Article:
Presumptive Democratic presidential nominee Hillary Clinton was in Springfield, Ill., Wednesday where she sought to use the symbolism of a historic landmark to draw parallels to a present-day America that is in need of repairing deepening racial and cultural divides.

The Old State Capitol — where Abraham Lincoln delivered his famous "A house divided" speech in 1858 warning against the ills of slavery and where Barack Obama launched his presidential bid in 2007 — served as the backdrop for Clinton as she spoke of how "America's long struggle with race is far from finished."

Episode 711: Hooked on Heroin

1 hour ago

When we meet the heroin dealer called Bone, he has just shot up. He has a lot to say anyway. He tells us about his career--it pretty much tracks the evolution of drug use in America these past ten years or so. He tells us about his rough past. And he tells us about how he died a week ago. He overdosed on his own supply and his friend took his body to the emergency room, then left.

New British Prime Minister Theresa May announced six members of her Cabinet Wednesday.

Amid a sweeping crackdown on dissent in Egypt, security forces have forcibly disappeared hundreds of people since the beginning of 2015, according to a new report from Amnesty International.

It's an "unprecedented spike," the group says, with an average of three or four people disappeared every day.

The Republican Party, as it prepares for its convention next week has checked off item No. 1 on its housekeeping list — drafting a party platform. The document reflects the conservative views of its authors, many of whom are party activists. So don't look for any concessions to changing views among the broader public on key social issues.

Many public figures who took to Twitter and Facebook following the murder of five police officers in Dallas have faced public blowback and, in some cases, found their employers less than forgiving about inflammatory and sometimes hateful online comments.

As Venezuela unravels — with shortages of food and medicine, as well as runaway inflation — President Nicolas Maduro is increasingly unpopular. But he's still holding onto power.

"The truth in Venezuela is there is real hunger. We are hungry," says a man who has invited me into his house in the northwestern city of Maracaibo, but doesn't want his name used for fear of reprisals by the government.

The wiry man paces angrily as he speaks. It wasn't always this way, he says, showing how loose his pants are now.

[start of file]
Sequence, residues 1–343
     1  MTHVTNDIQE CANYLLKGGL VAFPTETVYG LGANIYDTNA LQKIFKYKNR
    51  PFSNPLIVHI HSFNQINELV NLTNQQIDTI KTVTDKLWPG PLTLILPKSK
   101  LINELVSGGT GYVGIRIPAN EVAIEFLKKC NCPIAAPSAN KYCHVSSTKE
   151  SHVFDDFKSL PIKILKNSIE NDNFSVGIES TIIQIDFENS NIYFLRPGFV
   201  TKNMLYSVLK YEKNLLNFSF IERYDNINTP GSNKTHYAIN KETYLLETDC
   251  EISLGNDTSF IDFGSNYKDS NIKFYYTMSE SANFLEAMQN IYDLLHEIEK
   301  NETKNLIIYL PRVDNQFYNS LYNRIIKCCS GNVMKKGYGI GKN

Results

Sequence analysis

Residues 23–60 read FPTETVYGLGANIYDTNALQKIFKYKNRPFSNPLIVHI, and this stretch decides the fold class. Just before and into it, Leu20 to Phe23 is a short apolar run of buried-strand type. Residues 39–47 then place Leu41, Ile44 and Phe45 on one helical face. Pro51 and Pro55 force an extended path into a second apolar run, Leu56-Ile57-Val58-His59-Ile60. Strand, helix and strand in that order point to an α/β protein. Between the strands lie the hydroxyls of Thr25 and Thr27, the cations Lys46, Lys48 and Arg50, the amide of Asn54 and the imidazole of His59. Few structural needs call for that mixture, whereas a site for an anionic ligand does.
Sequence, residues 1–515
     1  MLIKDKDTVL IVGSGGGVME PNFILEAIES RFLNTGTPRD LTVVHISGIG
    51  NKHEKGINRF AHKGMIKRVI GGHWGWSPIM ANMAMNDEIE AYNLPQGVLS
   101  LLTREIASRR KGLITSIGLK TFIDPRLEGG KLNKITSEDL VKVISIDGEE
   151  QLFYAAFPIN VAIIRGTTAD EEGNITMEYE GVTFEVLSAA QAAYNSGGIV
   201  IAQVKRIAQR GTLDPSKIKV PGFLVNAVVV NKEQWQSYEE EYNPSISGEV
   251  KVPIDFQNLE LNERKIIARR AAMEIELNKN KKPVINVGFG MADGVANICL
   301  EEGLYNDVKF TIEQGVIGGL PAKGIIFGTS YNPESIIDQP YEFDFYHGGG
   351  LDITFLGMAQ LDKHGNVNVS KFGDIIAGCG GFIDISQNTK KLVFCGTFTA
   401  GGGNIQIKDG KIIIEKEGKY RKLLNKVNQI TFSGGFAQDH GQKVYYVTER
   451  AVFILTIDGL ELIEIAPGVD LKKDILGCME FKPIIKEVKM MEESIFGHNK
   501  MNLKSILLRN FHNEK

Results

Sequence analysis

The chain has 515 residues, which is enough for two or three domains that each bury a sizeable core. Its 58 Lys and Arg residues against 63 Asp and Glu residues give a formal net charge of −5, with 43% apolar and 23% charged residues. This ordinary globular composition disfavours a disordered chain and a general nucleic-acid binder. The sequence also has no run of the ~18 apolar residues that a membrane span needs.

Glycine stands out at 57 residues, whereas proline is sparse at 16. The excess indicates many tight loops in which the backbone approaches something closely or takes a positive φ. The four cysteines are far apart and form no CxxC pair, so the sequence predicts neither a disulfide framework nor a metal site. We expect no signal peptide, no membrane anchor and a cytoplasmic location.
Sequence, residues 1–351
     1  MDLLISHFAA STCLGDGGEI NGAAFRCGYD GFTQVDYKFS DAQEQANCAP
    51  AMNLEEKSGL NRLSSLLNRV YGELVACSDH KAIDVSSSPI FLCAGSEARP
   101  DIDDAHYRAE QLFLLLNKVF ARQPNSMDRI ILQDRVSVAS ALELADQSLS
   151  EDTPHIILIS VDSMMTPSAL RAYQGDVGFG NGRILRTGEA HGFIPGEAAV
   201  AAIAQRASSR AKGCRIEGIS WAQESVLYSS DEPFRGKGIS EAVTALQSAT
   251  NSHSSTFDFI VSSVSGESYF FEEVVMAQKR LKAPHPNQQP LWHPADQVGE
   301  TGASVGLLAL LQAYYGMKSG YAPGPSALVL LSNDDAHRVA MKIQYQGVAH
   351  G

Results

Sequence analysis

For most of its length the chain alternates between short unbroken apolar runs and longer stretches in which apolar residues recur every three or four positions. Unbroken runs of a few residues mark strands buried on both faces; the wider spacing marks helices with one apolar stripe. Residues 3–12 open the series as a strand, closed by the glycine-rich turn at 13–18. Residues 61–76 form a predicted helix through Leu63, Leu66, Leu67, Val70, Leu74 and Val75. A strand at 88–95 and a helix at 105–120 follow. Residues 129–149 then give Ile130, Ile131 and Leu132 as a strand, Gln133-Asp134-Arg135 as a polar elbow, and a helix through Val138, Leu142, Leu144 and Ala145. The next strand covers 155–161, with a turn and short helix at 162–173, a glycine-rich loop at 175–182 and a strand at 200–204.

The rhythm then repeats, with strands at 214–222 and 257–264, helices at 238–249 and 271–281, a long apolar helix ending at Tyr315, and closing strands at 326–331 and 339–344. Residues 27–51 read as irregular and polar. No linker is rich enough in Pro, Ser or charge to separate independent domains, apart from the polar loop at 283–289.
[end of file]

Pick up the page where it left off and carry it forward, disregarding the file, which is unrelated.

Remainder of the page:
Ask a typical teenage girl about the latest slang and girl crushes and you might get answers like "spilling the tea" and Taylor Swift. But at the Girl Up Leadership Summit in Washington, D.C., the answers were "intersectional feminism" — the idea that there's no one-size-fits-all definition of feminism — and U.N. climate chief Christiana Figueres.

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Arizona Hispanics Poised To Swing State Blue

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Indian Police: Crew Member From Detained U.S. Ship Tried Suicide

Oct 21, 2013
Originally published on October 21, 2013 3:22 pm

A member of a U.S.-owned ship whose crew was arrested by Indian authorities earlier this month for allegedly carrying a "huge cache" of illegal arms, has tried to commit suicide in his jail cell, police say.

The chief engineer of the MV Seaman Guard Ohio, owned by the U.S.-based security firm AdvanFort and detained along with its international crew on Oct. 12, was prevented by his cellmates from taking his own life, Indian police say, according to the BBC. The nationality of the crew member in question was not revealed, but the ship's complement includes Indians, Britons, Ukrainians and Estonians, according to AdvanFort.

As we reported last week, the MV Seaman Guard Ohio was intercepted by the Indian Coast Guard in waters off the southeastern state of Tamil Nadu. Authorities said they found weapons and ammunition aboard that had not been properly declared and accused the ship's master of illegally purchasing 400 gallons of diesel from a local agent. The ship is currently at anchor in the port of Tuticorin.

AdvanFort, which provides "comprehensive maritime security solutions to the commercial shipping industry," according to its website, has maintained that the weapons carried by the vessel were legally declared to Indian authorities and were mean to be used in anti-piracy operations.

On Sunday, the company's president, William H. Watson, told the Press Trust of India news agency that the continued detention of the ship and crew was "inappropriate."

AdvanFort has maintained that the vessel was in Indian waters seeking a port of refuge from cyclone Phailin.

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